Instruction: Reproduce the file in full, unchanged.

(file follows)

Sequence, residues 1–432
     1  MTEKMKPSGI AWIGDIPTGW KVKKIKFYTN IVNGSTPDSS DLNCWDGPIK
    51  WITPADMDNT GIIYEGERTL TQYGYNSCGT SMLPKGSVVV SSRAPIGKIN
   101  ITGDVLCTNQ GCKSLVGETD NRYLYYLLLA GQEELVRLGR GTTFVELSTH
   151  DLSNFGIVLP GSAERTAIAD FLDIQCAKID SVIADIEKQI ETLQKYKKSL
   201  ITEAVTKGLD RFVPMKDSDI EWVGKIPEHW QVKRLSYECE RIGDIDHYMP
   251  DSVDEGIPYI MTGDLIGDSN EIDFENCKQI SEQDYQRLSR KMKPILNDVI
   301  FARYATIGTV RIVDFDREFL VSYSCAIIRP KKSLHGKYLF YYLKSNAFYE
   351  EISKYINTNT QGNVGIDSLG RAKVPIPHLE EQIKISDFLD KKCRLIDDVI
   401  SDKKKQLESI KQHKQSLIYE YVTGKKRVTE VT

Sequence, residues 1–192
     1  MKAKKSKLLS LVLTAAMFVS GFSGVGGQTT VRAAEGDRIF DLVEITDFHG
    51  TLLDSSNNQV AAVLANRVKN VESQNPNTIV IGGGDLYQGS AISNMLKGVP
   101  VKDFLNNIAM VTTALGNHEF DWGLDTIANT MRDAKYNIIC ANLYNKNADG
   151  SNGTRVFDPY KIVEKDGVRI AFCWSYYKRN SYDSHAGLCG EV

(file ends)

Sequence, residues 1–432
     1  MTEKMKPSGI AWIGDIPTGW KVKKIKFYTN IVNGSTPDSS DLNCWDGPIK
    51  WITPADMDNT GIIYEGERTL TQYGYNSCGT SMLPKGSVVV SSRAPIGKIN
   101  ITGDVLCTNQ GCKSLVGETD NRYLYYLLLA GQEELVRLGR GTTFVELSTH
   151  DLSNFGIVLP GSAERTAIAD FLDIQCAKID SVIADIEKQI ETLQKYKKSL
   201  ITEAVTKGLD RFVPMKDSDI EWVGKIPEHW QVKRLSYECE RIGDIDHYMP
   251  DSVDEGIPYI MTGDLIGDSN EIDFENCKQI SEQDYQRLSR KMKPILNDVI
   301  FARYATIGTV RIVDFDREFL VSYSCAIIRP KKSLHGKYLF YYLKSNAFYE
   351  EISKYINTNT QGNVGIDSLG RAKVPIPHLE EQIKISDFLD KKCRLIDDVI
   401  SDKKKQLESI KQHKQSLIYE YVTGKKRVTE VT

Sequence, residues 1–192
     1  MKAKKSKLLS LVLTAAMFVS GFSGVGGQTT VRAAEGDRIF DLVEITDFHG
    51  TLLDSSNNQV AAVLANRVKN VESQNPNTIV IGGGDLYQGS AISNMLKGVP
   101  VKDFLNNIAM VTTALGNHEF DWGLDTIANT MRDAKYNIIC ANLYNKNADG
   151  SNGTRVFDPY KIVEKDGVRI AFCWSYYKRN SYDSHAGLCG EV